There is just one major problem with this game. A fatal flaw that turns this game from a blast to play into a sluggish mess. The performance.


It’s absolutely horrific how this game chugs along. In just my playthrough alone, I experienced hours of choppy frame rates, multiple game crashes, black screens that last way longer than they should, and absolutely ugly lighting issues. 

This game can look absolutely ugly at points. One example  in particular is when you are picking your starter in front of your rival’s house. 

Textures are breaking in the background, shadows are popping in and out, and the Switch can barely keep up a stable framerate. 

It turns an otherwise major experience in Pokémon games into a sloppy eyesore. 

There’s another sequence where you are in a classroom, again during the opening portion of the game. Unless I’m mistaken, the other children in the classroom are running at near three frames per second. 

In simple terms, it  looks and runs bad.

There are other examples of this throughout the game, but listing them all here would make this review longer than it should. 

Players online have posted their experiences with the game bugging out on them, so if you ever get bored, looking up a compilation of all of these bugs and glitches would be a great way to kill time. 


It feels like this game pulls in two different directions, which honestly drags down the experience, if not just a little bit. 

In one direction, the innovations this game makes for the future of the series are numerous. The game is genuinely fun, and those who love Pokémon will absolutely love this game, no question about it.

In the other direction, it’s inexcusable for the most profitable franchise in media to be putting out products in this state. It’s one thing to have a few frame rate drops here and there, but it’s another for the game to just outright crash for seemingly zero reason.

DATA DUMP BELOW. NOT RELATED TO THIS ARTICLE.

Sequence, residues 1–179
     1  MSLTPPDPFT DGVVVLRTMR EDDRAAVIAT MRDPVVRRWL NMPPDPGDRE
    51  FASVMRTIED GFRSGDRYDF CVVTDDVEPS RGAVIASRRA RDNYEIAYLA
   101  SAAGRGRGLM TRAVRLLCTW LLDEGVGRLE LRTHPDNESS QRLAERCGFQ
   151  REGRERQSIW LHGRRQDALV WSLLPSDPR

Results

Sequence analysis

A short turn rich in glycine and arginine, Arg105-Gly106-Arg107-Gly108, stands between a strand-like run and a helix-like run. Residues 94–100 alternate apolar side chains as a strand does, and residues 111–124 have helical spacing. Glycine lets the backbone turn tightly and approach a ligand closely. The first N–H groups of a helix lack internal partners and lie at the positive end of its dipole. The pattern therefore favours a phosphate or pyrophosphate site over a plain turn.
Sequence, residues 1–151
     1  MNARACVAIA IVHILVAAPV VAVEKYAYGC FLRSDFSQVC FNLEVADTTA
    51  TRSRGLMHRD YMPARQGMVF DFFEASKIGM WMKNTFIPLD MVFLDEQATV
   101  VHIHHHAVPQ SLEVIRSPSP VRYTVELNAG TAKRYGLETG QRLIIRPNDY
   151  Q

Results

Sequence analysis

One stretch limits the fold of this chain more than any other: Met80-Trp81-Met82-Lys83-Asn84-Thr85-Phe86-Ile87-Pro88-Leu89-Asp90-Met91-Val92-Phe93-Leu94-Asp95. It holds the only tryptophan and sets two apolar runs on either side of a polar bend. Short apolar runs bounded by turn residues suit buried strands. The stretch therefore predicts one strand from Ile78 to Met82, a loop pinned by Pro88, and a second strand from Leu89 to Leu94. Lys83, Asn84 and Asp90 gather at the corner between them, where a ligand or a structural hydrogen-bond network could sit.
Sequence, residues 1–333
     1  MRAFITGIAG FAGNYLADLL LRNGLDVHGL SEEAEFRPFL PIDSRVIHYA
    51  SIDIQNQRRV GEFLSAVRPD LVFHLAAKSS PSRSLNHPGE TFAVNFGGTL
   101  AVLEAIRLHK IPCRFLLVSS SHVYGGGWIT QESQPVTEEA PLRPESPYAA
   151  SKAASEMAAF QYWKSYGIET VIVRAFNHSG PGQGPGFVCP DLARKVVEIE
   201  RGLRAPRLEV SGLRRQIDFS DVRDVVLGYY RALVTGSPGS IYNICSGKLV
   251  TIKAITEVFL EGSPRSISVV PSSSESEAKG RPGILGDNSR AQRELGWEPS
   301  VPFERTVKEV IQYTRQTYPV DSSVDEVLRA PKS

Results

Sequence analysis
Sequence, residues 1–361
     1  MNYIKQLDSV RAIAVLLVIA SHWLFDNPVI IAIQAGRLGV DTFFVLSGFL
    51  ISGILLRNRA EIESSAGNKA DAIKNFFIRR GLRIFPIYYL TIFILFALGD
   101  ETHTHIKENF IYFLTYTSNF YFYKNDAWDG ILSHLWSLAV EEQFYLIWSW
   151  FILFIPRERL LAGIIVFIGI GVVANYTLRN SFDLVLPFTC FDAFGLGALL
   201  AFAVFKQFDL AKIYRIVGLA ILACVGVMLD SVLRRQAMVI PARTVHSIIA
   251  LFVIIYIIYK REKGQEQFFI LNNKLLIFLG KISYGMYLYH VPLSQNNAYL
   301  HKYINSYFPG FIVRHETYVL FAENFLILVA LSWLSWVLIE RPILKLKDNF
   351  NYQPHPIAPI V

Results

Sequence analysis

So, the question remains, how does someone critique this game then? 

The answer to that question is to remember how most games that launch a buggy mess end up getting fixed, that being patches.

This game will be supported by all the companies involved with this game for the next few years at least. The last main series games, Pokémon Sword and Shield, had an Expansion Pass that did just that. 

While receiving mixed reviews, it ended up fixing a lot of issues the base game had, adding hundreds of Pokémon while also adding plenty of content for players to dive into. 

With that in mind, we can presume that a lot of the performance issues this game has will be fixed. 

That being said, we have to grade this based on what is currently available to us at the time of writing.

Therefore, the rating for Pokémon Scarlet and Violet on Nintendo Switch is unfortunately just a 7/10.

There is so much to like about these games, that much can be attested to. To say that I did not have fun playing these games would be a lie, I absolutely enjoyed my time with these games.

However, the performance issues experienced while playing are just something that is impossible to ignore. Again, frame rate dips are one thing, but game crashes are absolutely inexcusable. 

Can this game be rated higher with a patch that fixes these issues? Absolutely. 

However, they have one major flaw. Pokémon Scarlet and Pokémon Violet are just plain broken.

Welcome to the Mesa Legend! Subscribe to know more about what goes on at Mesa Community College!